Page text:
This prompt is no longer active. Please select a new prompt to start writing a new piece.

Playwriting Competition 2020

Full Details

Step onto the Write the World stage this month with your own one-act play. Composed of a single scene or a series of scenes, the one-act delivers a powerful punch. Like the short story, this genre requires the writer—you!—to make every word count, every gesture, intonation, and stage direction. This month, raise the curtain on an important event or experience that will change the characters involved, and let the drama unfold.
Guiding Ideas
STRUCTURE: A play is divided into acts. Act 1 typically serves as an introduction to the characters and setting; act 2 focuses on the emerging conflict; act 3 builds into the climax and then provides the resolution. In a one-act, you're compressing all these parts (character, setting, conflict, climax, and resolution) into a short space. But, you can use scenes to break up the sequence of events. A new scene shows a change in location or in time. For example, perhaps your first scene takes place in the character’s kitchen, and the next scene at a bus stop. 
CHARACTER: As your play develops, deepen your characters by answering as many questions about them as you can. Although you won't include all these details in your play, developing your understanding helps you know how a character will speak or react, how they might feel inside, and what motivates their actions. In a separate document or on a scrap of paper, can you answer the following:
    •    How old is he?
    •    Where was she born?
    •    Who is their closest confidant?
    •    What is her earliest memory?
    •    What does their bedroom look like?
    •    What is one secret she holds?
    •    What makes him feel embarrassed?
    •    What is she afraid of?
    •    What do they wish for more than anything else?
    •    What makes her mad?
Most importantly, the central event in your play should have some influence on the main characters. Ask yourself: "How is this experience causing the characters to see themselves or the world around them differently?"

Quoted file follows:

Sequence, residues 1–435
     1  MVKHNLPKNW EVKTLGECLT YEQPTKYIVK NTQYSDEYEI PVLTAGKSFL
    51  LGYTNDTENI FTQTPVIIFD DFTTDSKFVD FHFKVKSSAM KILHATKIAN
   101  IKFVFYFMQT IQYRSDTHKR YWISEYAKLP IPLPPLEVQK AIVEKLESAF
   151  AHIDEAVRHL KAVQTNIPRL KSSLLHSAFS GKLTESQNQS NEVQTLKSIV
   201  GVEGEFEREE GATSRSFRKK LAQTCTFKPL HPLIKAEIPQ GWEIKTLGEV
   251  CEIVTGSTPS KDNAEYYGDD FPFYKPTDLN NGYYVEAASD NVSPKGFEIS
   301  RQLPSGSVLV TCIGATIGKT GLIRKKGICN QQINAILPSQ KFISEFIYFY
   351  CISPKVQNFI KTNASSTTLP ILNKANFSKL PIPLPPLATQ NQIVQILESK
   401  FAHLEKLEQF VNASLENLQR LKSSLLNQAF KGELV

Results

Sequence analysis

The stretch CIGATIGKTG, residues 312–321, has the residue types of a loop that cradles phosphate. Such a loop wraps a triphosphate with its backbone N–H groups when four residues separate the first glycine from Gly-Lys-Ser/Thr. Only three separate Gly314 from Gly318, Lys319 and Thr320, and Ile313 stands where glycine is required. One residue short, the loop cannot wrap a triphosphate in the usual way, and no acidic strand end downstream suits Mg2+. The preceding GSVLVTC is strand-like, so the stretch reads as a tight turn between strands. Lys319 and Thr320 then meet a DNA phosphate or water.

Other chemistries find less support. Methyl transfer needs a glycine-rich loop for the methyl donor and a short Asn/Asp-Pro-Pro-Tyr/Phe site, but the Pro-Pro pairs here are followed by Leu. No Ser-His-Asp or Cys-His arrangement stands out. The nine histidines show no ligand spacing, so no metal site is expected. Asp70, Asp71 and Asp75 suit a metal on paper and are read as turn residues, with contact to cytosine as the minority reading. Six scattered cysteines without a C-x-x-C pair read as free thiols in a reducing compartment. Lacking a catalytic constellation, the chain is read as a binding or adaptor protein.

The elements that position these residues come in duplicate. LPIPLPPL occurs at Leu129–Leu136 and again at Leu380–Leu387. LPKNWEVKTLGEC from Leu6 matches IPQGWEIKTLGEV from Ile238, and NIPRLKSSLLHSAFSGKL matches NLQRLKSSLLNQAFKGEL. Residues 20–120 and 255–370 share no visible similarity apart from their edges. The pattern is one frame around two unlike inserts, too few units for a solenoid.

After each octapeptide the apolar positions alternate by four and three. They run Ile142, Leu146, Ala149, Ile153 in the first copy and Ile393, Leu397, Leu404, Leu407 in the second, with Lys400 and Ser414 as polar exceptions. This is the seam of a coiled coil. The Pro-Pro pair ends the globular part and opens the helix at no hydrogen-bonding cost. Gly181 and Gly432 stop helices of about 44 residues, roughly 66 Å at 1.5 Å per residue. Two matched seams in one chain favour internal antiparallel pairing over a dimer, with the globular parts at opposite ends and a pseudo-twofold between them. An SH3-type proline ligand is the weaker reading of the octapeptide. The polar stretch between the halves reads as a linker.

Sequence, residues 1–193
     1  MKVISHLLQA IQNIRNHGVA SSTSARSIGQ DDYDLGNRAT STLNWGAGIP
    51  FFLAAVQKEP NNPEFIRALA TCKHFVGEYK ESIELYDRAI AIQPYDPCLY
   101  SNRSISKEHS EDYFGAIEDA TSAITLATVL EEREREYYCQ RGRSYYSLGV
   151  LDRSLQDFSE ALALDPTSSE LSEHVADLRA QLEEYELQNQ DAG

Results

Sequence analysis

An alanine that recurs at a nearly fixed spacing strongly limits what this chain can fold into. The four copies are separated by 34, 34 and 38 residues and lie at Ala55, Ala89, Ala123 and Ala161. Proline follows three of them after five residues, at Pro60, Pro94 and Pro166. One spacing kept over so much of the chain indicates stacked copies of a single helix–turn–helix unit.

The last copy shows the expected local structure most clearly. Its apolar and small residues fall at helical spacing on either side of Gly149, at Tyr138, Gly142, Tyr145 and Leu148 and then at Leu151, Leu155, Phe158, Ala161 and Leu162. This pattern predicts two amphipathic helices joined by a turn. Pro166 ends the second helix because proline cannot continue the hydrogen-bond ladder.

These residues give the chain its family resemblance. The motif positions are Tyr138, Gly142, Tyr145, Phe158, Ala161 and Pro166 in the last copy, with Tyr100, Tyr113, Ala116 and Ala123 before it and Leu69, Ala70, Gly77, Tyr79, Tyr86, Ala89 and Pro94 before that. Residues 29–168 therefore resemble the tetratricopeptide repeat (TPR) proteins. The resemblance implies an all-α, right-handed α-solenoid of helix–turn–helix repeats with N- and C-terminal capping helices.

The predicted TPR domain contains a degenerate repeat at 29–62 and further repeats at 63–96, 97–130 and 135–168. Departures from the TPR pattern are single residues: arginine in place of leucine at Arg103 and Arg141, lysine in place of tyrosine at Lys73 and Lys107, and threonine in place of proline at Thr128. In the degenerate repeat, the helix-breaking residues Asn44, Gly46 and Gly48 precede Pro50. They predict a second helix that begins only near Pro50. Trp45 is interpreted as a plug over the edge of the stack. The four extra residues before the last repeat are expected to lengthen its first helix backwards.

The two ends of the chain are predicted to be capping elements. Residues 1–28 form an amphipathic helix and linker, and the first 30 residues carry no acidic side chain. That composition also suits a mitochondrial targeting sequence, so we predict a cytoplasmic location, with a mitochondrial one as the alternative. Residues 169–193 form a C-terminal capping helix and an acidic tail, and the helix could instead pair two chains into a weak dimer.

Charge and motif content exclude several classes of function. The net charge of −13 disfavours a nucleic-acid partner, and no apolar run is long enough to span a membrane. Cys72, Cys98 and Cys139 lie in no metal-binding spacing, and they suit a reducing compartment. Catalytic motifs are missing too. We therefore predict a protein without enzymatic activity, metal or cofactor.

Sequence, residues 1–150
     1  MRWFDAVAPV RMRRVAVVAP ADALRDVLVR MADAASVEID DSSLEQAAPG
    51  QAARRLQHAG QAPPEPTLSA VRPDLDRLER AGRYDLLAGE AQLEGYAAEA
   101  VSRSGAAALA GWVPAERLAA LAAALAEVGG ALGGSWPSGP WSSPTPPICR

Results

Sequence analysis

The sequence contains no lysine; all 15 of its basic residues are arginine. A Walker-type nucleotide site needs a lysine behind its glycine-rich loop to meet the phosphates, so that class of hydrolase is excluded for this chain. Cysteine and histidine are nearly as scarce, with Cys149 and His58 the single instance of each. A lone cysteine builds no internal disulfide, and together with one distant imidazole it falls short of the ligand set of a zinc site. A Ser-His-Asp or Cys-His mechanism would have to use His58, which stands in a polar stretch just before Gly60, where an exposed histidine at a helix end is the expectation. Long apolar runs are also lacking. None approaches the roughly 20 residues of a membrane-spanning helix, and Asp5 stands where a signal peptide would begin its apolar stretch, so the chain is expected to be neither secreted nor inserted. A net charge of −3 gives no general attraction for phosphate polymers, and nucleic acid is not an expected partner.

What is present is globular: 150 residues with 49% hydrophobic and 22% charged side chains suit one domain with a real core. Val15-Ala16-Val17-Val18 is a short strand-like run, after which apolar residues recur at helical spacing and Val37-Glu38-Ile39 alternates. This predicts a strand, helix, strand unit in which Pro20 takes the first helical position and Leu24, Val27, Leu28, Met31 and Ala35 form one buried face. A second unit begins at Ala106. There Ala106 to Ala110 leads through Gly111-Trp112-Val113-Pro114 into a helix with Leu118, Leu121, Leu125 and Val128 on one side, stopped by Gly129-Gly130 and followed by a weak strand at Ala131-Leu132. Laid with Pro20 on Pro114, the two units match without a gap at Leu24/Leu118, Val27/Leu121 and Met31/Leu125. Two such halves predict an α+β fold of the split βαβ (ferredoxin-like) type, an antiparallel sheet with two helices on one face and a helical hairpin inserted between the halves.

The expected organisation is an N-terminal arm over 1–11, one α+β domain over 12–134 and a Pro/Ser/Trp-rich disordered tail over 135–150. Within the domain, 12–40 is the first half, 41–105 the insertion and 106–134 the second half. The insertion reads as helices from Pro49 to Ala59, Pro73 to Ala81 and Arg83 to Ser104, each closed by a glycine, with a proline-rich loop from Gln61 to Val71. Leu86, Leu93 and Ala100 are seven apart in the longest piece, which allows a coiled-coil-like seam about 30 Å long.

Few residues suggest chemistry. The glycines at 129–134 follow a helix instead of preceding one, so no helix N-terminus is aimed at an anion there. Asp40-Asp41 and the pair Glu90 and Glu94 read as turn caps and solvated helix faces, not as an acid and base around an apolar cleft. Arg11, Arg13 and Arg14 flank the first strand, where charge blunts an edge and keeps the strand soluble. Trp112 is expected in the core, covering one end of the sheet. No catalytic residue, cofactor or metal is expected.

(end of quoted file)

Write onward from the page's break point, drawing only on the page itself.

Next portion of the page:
STAGE DIRECTION: In writing a play, you aren't telling a story to be read, but rather a story to be spoken aloud and embodied by the characters on stage. (Be sure, dear playwrights, to read your draft aloud and often!) In order to translate your written vision into live action, you must include information that tells the reader (and actors) the setting of the scene, who is speaking, who the characters are, and any movements or gestures that take place. Here are some formatting tips: 
  • Use parentheses to set off stage directions—the information you are conveying to the readers and actors that the audience will then see on stage. Example: (Jeremy picks up a newspaper and pretends to read, all the while keeping his eyes fixed on Sarah.)
  • At the beginning of each scene, provide stage directions in present tense that communicate the setting and the situation. Example: (It's 9 pm at the playground. Charlotte and Caleb are arguing again, as it starts to rain.)
  • Whenever a new character enters the play, provide a 1-2 line description. Example: (In the dugout, Charlotte and Caleb find Marco, a middle-aged man—dressed in a suit—who's also seeking shelter from the rain.) 
  • Each line of dialogue should have the character’s NAME in capital letters at the beginning of the line.
(For a model of how to communicate stage direction, check out the WtW One-Act Exemplars in Resources.)

Who is Eligible?  
Young writers ages 13-18  
600 – 1,000 words
Guest Judge
Kim Peter Kovac
 is a consultant in theater for young audiences and new play development, as well as the co-founding director of the Kennedy Center's New Visions/New Voices and and co-founding editor of Write Local. Play Global., the international TYA playwrights network. Previously he served as Artistic Director of Kennedy Center Theater for Young Audiences (where he produced some 100 new plays) as well  the Vice-President of ASSITEJ International, as well as on the boards of TYA/USA and IPAY.  He is also a poet, with over 150 pieces published in print and on-line in journals from Australia, India, Ireland, Dubai (UAE), England, Scotland, Singapore, South Africa, and the USA.

  • Best Entry: $100 (Our guest judge’s commentary on the winning piece, and an interview with the author will be featured on Write the World’s blog) 
  • Runner up: $50  (Our guest judge’s commentary on the piece will be featured on Write the World’s blog)
  • Best Peer Review: $50 (Our guest judge’s commentary on the best peer review and an interview with the reviewer will be featured on Write the World’s blog)        
What’s Different about Write the World Competitions? 
  • Prizes: The winning entrant(s) will receive $100, and the best peer-reviewer will receive $50.       
  • Professional Recognition: The winning entry, plus the runner-up and best peer review, will be featured on our blog, with commentary from our guest judge.       
  • Expert Review: Submit your draft by Monday, May 11 and get feedback from our team of experts—authors, writing teachers, and educational professionals.   
Key Dates 
May 4: Competition Opens  
May 11: Submit draft for Expert Review (Optional. We will review the first 100 drafts submitted.)      
May 15: Reviews returned to Writers  
May 19: Final Submissions Due
May 29: Winners Announced  
Upcoming Competition
Our Food Writing Competition opens Monday, June 1.
Stay tuned for more details!